Twine, A Tiny Gizmo That Holds The Internet’s Future
Is technological connectivity mankind’s next evolutionary step?
"We created computers as an extension of our brains, and now we’re connecting through those computers and the Internet cloud as a way of expanding them," - Tiffany Shlain, Filmmaker & Webby Awards founder
In her new documentary, Connected, which premiered at Sundance this year, Shlain sees digital connection as the next step in harnessing our collective brainpower—as long as we don’t lose our ability to relate to each other.
Hacking the Internet!
What do you need to get online in rural Africa?
Find out from Boukary Konaté, from Rising Voices grantee project Segou Village Connection.
A new proposed communications network from LightSquared could bring lightning fast Internet to the most rural areas in America. But it might render GPS receivers useless in the process. Continued…
The Egyptian government shut down Al Jazeera’s Cairo offices, withdrew the accreditation of their reporters and forced the network off an Egyptian-owned satellite that supplies television to much of the Middle East.
The Committee to Protect Journalists also reports that Egyptian authorities are blocking reception of Al Jazeera’s Arabic station from other satellite networks. Al Jazeera appears to be jammed for subscribers to the Hotbird satellite and other services within Egypt. Al Jazeera English, however, remains available via satellite within Egypt.
The Egyptian government cut the cord on the internet to silence them form the outside world, keep protesters from organizing, and generally, to shut them up:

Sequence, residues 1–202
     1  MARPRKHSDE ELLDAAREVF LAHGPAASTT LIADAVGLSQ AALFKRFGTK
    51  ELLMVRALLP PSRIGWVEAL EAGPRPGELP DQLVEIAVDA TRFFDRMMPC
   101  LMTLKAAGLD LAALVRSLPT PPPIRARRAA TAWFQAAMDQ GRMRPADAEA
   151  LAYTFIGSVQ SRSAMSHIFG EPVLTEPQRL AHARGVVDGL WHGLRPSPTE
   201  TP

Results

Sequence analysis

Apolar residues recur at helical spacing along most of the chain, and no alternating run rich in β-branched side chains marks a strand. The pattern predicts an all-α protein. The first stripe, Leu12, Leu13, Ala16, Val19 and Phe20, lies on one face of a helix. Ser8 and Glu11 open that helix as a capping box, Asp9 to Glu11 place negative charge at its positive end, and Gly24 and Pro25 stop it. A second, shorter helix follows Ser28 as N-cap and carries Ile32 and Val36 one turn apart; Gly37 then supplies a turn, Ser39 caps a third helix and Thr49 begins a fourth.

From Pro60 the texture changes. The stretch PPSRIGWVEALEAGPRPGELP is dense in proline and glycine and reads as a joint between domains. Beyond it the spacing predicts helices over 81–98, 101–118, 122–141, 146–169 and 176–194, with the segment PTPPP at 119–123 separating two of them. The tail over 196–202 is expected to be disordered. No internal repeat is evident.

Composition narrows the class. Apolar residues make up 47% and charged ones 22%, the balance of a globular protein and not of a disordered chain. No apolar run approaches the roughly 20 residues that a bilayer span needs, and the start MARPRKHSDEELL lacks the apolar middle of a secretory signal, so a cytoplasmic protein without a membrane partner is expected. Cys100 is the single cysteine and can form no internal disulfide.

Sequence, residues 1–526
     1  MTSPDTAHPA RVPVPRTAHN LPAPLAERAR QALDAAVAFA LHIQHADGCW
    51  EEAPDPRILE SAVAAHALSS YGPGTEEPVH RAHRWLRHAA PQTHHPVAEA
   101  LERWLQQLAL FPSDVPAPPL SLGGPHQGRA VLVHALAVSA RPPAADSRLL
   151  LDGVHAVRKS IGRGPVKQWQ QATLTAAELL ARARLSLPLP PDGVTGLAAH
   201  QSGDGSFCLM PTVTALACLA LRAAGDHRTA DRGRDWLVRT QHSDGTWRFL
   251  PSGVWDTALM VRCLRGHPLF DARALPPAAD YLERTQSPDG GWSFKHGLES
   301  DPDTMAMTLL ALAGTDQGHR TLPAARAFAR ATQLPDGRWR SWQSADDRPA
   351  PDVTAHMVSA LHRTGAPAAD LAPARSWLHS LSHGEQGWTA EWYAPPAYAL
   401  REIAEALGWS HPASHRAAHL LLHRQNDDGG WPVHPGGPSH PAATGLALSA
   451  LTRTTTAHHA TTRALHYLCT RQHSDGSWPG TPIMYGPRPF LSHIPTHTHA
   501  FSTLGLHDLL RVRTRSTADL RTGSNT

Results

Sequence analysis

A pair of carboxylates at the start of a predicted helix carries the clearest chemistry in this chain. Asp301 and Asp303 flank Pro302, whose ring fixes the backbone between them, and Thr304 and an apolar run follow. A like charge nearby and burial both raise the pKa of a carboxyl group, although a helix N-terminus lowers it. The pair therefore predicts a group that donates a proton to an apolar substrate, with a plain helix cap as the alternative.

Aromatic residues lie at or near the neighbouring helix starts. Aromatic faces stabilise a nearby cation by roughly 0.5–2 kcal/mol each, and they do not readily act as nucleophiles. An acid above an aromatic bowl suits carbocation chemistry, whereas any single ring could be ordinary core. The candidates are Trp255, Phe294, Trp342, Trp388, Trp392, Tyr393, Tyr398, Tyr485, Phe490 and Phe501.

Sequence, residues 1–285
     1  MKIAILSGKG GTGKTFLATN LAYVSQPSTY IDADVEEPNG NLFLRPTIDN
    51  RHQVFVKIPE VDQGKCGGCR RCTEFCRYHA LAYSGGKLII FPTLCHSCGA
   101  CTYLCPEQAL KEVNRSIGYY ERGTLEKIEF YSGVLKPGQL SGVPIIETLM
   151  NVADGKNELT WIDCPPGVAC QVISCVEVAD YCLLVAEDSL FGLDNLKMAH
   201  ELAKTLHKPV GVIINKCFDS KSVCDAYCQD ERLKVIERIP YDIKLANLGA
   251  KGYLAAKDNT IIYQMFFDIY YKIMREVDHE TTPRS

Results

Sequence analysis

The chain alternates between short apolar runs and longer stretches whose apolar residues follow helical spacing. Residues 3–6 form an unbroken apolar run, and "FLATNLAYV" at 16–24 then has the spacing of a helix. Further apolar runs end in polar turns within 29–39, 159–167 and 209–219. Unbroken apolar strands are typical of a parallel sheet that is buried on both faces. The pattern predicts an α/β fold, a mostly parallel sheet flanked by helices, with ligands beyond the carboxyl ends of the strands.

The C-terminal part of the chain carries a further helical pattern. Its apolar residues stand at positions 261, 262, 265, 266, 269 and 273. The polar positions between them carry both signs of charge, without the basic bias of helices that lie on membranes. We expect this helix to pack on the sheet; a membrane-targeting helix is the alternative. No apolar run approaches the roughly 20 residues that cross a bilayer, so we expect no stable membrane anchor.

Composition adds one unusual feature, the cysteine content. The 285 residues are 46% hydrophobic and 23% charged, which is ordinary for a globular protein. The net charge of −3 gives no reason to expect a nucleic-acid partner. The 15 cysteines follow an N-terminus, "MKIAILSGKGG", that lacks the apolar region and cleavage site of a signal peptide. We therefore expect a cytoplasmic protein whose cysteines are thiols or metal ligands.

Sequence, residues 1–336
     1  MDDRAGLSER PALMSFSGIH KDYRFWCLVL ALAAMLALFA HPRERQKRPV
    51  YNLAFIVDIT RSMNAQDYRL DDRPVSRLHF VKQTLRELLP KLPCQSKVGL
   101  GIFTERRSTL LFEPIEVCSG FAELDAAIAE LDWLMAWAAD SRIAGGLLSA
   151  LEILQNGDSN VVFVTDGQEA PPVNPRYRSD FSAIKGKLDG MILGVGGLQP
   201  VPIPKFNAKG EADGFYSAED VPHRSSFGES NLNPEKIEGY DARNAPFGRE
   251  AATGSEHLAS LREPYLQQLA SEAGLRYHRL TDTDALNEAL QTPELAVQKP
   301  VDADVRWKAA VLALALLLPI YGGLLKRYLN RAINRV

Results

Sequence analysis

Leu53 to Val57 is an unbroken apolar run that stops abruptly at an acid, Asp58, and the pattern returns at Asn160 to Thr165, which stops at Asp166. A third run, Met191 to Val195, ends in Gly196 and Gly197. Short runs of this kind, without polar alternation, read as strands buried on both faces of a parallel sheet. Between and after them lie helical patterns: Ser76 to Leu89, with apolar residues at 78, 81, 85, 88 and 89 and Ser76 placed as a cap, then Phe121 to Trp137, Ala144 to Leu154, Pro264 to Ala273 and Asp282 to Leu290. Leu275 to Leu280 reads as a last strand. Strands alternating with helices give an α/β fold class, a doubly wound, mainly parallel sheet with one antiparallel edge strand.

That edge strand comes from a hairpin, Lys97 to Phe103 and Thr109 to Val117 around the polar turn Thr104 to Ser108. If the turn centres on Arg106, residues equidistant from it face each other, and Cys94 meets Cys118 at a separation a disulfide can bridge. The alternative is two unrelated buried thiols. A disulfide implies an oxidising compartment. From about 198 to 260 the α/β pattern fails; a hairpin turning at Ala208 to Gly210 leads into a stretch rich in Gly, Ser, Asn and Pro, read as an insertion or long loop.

Now Internet access across the whole nation has been shut off, as the Net traffic volume chart from Arbor Networks embedded here shows. As an investigation by Renesys demonstrates, at around 12:34 in the morning local time “virtually simultaneous withdrawal” of all Egypt’s networks connected to the world’s IP routing system—meaning data access routes into or out of Egypt were shut down. It’s a complete order of magnitude more severe censorship that happened in Iran, when the government tinkered with blocking social media sites, and is far worse than the “modest Internet manipulation” that the Tunisian authorities tried as similar protests happened there. Essentially the Egyptian government has realized it cannot stay one digital step ahead of its population, and has simply thrown the off-switch.
It’s unconfirmed, but they may have also blocked Al Jazeera within the country and even journalists are being attacked in the streets. But this hasn’t stopped Egyptians; according to The Guardian, they’ve started distributing literature on the street, old-school-revolution style.